7 doctors weighed in:

Are there harmful effects of wearing too much sunscreen?

7 doctors weighed in
Dr. Arlo Miller
Dermatology
2 doctors agree

In brief: No

You can get your daily vitamin d needs far more reliably from a supplement that shouldn't cost more than $4/ month.
Then you can use all the sunscreen you want and look younger longer & get fewer skin cancers.

In brief: No

You can get your daily vitamin d needs far more reliably from a supplement that shouldn't cost more than $4/ month.
Then you can use all the sunscreen you want and look younger longer & get fewer skin cancers.
Dr. Arlo Miller
Dr. Arlo Miller
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Dr. Wilfred Brown
Surgery - Plastics
1 doctor agrees

In brief: No harmful effects

Sunscreen should be applied before your initial exposure to the sun, then should be applied several times during the day, especially if you are perspiring a lot.
The only negative side effect is theoretical vitamin d deficiency if you have no exposure at all to ultraviolet light, so a little sun exposure may be desirable. Moderation is the best policy.

In brief: No harmful effects

Sunscreen should be applied before your initial exposure to the sun, then should be applied several times during the day, especially if you are perspiring a lot.
The only negative side effect is theoretical vitamin d deficiency if you have no exposure at all to ultraviolet light, so a little sun exposure may be desirable. Moderation is the best policy.
Dr. Wilfred Brown
Dr. Wilfred Brown
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Dr. Jeffrey Rosenthal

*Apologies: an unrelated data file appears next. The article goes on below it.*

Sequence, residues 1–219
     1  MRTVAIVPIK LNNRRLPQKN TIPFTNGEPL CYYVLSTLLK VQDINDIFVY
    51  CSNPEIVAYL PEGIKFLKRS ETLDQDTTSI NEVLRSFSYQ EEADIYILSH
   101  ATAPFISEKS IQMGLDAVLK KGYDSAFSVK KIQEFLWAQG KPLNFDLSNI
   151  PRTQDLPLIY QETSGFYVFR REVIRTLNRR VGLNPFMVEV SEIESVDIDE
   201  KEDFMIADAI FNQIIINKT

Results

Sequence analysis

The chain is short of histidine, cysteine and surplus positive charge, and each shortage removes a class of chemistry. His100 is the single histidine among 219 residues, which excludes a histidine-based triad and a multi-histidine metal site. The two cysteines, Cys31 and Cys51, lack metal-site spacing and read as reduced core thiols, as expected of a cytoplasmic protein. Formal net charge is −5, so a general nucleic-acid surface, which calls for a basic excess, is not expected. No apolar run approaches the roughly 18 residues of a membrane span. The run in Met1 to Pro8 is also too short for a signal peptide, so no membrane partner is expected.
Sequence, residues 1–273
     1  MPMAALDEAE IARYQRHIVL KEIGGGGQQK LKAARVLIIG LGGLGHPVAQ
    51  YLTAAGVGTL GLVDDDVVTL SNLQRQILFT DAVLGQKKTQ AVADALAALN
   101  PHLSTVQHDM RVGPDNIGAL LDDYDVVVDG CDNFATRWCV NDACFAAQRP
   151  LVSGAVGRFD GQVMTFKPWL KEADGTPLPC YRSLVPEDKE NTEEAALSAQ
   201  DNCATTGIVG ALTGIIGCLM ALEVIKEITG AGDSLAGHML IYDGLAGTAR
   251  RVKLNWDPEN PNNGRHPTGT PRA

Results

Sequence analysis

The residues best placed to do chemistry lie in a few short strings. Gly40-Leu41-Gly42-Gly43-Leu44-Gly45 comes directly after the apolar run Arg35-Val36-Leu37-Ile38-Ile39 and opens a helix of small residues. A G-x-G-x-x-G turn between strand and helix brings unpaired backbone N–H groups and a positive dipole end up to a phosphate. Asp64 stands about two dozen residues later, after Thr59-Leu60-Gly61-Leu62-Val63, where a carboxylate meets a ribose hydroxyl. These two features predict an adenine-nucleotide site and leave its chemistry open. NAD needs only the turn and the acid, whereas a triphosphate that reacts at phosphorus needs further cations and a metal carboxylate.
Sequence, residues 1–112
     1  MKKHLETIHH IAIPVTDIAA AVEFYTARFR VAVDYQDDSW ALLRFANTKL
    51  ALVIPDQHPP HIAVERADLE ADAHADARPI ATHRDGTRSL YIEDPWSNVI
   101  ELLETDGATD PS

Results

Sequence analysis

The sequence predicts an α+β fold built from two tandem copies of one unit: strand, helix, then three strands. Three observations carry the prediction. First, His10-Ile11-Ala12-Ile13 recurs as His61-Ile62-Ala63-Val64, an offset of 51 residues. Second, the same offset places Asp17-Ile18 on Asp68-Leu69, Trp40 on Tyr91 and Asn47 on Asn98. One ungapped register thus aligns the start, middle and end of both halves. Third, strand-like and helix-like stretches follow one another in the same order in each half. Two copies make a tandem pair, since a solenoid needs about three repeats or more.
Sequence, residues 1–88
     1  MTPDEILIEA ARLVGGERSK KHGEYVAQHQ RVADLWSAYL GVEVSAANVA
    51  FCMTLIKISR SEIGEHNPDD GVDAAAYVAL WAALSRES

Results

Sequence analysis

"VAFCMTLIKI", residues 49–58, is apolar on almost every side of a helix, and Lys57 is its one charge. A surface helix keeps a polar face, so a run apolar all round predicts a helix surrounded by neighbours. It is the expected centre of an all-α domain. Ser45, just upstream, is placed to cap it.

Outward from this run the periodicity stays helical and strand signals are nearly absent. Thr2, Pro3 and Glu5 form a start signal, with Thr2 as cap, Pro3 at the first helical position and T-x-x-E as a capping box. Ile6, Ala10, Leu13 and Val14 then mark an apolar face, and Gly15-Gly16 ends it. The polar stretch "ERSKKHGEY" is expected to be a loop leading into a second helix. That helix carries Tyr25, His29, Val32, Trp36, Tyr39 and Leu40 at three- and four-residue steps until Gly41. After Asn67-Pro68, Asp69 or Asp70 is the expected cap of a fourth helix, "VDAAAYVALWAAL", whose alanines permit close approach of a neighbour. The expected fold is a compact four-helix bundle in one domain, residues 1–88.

Surgery - Plastics

In brief: Perhaps

The biggest harm is that you think you can still bake in the sun.
Sun protectors only decrease the amount of radiation exposure. You still are damaging the skin and underlying tissues.

In brief: Perhaps

The biggest harm is that you think you can still bake in the sun.
Sun protectors only decrease the amount of radiation exposure. You still are damaging the skin and underlying tissues.
Dr. Jeffrey Rosenthal
Dr. Jeffrey Rosenthal
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Dr. Robert Kwok
Pediatrics

In brief: Low vitamin D level

Wearing a lot of sunscreen is unlikely to cause any problems unless a person is allergic to or sensitive to some chemical in the sunscreen.
Without sunlight hitting the skin directly, a person will have less vitamin d. If he is not drinking milk nor taking vitamin d supplements, he may develop vitamin d deficiency. A doctor can check the person's blood vitamin d level.

In brief: Low vitamin D level

Wearing a lot of sunscreen is unlikely to cause any problems unless a person is allergic to or sensitive to some chemical in the sunscreen.
Without sunlight hitting the skin directly, a person will have less vitamin d. If he is not drinking milk nor taking vitamin d supplements, he may develop vitamin d deficiency. A doctor can check the person's blood vitamin d level.
Dr. Robert Kwok
Dr. Robert Kwok
Thank
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